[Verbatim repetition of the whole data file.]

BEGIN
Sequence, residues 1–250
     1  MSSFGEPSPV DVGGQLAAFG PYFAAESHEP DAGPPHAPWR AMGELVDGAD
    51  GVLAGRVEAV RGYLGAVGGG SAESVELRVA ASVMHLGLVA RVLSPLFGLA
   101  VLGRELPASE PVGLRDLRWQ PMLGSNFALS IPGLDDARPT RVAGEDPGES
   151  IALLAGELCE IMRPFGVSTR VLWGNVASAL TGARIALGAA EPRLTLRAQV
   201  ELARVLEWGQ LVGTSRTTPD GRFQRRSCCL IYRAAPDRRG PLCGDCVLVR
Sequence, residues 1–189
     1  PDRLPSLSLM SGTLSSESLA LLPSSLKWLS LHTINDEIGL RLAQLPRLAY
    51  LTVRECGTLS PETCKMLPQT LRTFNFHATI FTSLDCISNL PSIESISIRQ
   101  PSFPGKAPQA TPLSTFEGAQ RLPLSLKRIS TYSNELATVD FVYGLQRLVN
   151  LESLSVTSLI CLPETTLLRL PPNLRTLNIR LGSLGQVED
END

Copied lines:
Sequence, residues 1–250
     1  MSSFGEPSPV DVGGQLAAFG PYFAAESHEP DAGPPHAPWR AMGELVDGAD
    51  GVLAGRVEAV RGYLGAVGGG SAESVELRVA ASVMHLGLVA RVLSPLFGLA
   101  VLGRELPASE PVGLRDLRWQ PMLGSNFALS IPGLDDARPT RVAGEDPGES
   151  IALLAGELCE IMRPFGVSTR VLWGNVASAL TGARIALGAA EPRLTLRAQV
   201  ELARVLEWGQ LVGTSRTTPD GRFQRRSCCL IYRAAPDRRG PLCGDCVLVR
Sequence, residues 1–189
     1  PDRLPSLSLM SGTLSSESLA LLPSSLKWLS LHTINDEIGL RLAQLPRLAY
    51  LTVRECGTLS PETCKMLPQT LRTFNFHATI FTSLDCISNL PSIESISIRQ
   101  PSFPGKAPQA TPLSTFEGAQ RLPLSLKRIS TYSNELATVD FVYGLQRLVN
   151  LESLSVTSLI CLPETTLLRL PPNLRTLNIR LGSLGQVED